100 Answers in 100 Days

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Sharing answers to the various questions of faith I have faced, and which others have been challenged with also.

Wednesday, March 23, 2011

#82: How can God be jealous?

In the 10 commandments, God said:

You shall not bow down to them [idols] or serve them, for I the LORD your God am a jealous God, visiting the iniquity of the fathers on the children to the third and the fourth generation of those who hate me (Exodus 20:5)

Jealousy has such a negative connotation that people wonder why God would call Himself jealous. When we think of jealousy, we think of someone who resents another person for their success, or for what they have. The one who is jealous typically has no right to be. However, we can understand a kind of righteous jealousy in someone who has every right to be jealous. Consider the husband of a woman who is flirting with another man. That feeling that we have is completely right and justified, and that wife might be upset if her husband weren’t jealous. People delude themselves when they try to pretend that such flirting harmless. A man ought to be jealous over his wife or girlfriend. “Jealousy is love protecting it's own,” as I've once heard it described. This is how the Bible speaks of God’s attitude over His people and their worship of idols. God is the “husband”, and when His people worship idols they are like an adulterous wife. God is jealous precisely because He loves His people; like a husband loves his wife.

What we see in the passage above is that, because God is jealous, He “visits the iniquity of the fathers on the children...” When an idolatrous parent teaches their children to worship idols, so that idolatry begins to enter the culture, God will put a stop to it before it goes too far. God will not allow idolatry to take over so that nobody remembers God anymore. He is jealous for His people. This is like a husband who takes vengeance on the adulterous relationship between his wife and some other man. When idolatry becomes a problem in society, that false religion is eventually dealt with by God. In the case of God bringing His people back to Himself, as He did when He sent Israel into captivity, it meant the destruction of their false religion of idols, and therefore of those who practiced those false religions. Those who went into captivity were, in fact, the remnant which God would keep faithful. What we see is a sort of “cleansing” of God's people.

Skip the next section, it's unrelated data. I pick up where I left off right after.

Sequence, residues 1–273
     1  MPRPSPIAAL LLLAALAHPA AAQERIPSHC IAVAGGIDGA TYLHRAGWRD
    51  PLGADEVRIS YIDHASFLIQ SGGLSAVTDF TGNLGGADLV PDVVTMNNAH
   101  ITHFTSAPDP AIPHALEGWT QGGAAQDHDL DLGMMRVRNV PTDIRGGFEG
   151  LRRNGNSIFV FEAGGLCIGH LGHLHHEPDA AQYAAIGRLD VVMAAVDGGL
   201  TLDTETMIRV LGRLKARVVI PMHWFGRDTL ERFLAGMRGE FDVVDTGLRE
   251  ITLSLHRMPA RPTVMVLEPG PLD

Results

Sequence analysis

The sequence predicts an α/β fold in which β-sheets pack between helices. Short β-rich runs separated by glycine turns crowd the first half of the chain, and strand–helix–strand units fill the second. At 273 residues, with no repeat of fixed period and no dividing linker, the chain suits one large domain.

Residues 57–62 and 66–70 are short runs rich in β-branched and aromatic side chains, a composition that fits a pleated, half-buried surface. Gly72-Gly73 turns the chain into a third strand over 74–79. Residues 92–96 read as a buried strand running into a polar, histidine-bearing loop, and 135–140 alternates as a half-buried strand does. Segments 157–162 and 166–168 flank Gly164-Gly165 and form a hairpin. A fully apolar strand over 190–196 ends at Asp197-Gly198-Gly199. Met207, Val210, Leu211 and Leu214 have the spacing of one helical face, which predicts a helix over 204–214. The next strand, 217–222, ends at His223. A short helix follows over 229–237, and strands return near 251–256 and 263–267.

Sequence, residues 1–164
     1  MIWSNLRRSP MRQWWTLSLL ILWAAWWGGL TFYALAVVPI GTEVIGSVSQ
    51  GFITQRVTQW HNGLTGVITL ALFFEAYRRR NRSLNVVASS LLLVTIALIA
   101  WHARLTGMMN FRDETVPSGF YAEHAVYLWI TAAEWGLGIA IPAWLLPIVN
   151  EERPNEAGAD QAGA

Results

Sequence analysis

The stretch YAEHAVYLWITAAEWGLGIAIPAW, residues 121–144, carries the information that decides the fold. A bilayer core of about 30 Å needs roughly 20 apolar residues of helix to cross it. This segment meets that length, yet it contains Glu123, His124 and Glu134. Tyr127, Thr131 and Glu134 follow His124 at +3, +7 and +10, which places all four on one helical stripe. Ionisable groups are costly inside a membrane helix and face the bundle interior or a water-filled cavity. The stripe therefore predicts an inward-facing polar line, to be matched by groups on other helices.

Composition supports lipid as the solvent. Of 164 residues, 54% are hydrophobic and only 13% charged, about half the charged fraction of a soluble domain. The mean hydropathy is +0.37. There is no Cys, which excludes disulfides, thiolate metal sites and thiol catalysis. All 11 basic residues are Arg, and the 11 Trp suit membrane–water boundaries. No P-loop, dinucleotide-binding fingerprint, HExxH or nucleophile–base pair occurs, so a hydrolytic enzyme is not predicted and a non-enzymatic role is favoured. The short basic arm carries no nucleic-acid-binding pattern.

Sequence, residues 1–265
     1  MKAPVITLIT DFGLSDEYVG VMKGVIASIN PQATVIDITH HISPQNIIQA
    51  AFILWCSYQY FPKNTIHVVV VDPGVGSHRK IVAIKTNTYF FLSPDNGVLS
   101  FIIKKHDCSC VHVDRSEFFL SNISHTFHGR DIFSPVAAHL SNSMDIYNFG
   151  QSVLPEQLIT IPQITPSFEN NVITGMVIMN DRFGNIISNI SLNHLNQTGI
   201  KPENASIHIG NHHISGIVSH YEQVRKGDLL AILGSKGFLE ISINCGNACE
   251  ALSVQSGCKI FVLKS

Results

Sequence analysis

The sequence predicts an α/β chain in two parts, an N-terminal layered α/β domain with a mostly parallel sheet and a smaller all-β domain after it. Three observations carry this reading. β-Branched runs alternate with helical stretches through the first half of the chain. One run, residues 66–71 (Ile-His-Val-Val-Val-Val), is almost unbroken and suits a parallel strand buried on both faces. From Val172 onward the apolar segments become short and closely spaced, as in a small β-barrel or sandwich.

Thus says the LORD, the God of Israel: “Like these good figs, so I will regard as good the exiles from Judah ... I will give them a heart to know that I am the LORD, and they shall be my people and I will be their God, for they shall return to me with their whole heart.” But thus says the LORD: “Like the bad figs that are so bad they cannot be eaten, so will I treat Zedekiah the king of Judah, his officials, the remnant of Jerusalem who remain in this land ... I will send sword, famine, and pestilence upon them, until they shall be utterly destroyed from the land that I gave to them and their fathers.” (Jeremiah 24:5-10)

This passages summarizes the purpose of this great, pivotal event of the Bible. It was to take the righteous remnant out of the way so that the idolatrous Israelites could be dealt with. Those who went into captivity were in fact the ones shown mercy by God. Not only were they spared from the sword and from famine, but they were brought back to God; and history bears this out as we read about the post-exilic community of Israel in the books of Ezra and Nehemiah, for example.

In the book of Hosea we read “My people are destroyed for lack of knowledge; because you have rejected knowledge, I reject you from being a priest to me. And since you have forgotten the law of your God, I also will forget your children.” (Hosea 4:6) This reminds us of the Exodus passage above; the “forgetting their children” relates to “visiting the iniquity of the fathers on the children”. God must put an end to sin because of His love for His people. People often ask, “If God can put an end to sin, why doesn't He?” But if God put an end to it right now, what would that mean for all of the sinners in this world which must be “ended”? Rather, God gives us time to repent. Later in the book of Hosea we read the words:

“Return, O Israel, to the LORD your God, for you have stumbled because of your iniquity. … O Ephraim, what have I to do with idols? It is I who answer and look after you. I am like an evergreen cypress; from me comes your fruit. Whoever is wise, let him understand these things; whoever is discerning, let him know them; for the ways of the LORD are right, and the upright walk in them, but transgressors stumble in them.” (Hosea 14:1,8-9)

God is jealous for His people, desiring for us to turn from our sins, back to Him. Even at this time in Israel’s history, God tells them to repent.

Justice and mercy go hand in hand. Wars are fought against nations and thousands die for the liberation of an oppressed people. Likewise, it is God's perfect justice and loving mercy to ultimately destroy evil and purify His people. In the New Testament, John the Baptist describes this work of Jesus in the following way...

His winnowing fork is in his hand, and he will clear his threshing floor and gather his wheat into the barn, but the chaff he will burn with unquenchable fire. (Matthew 3:12)

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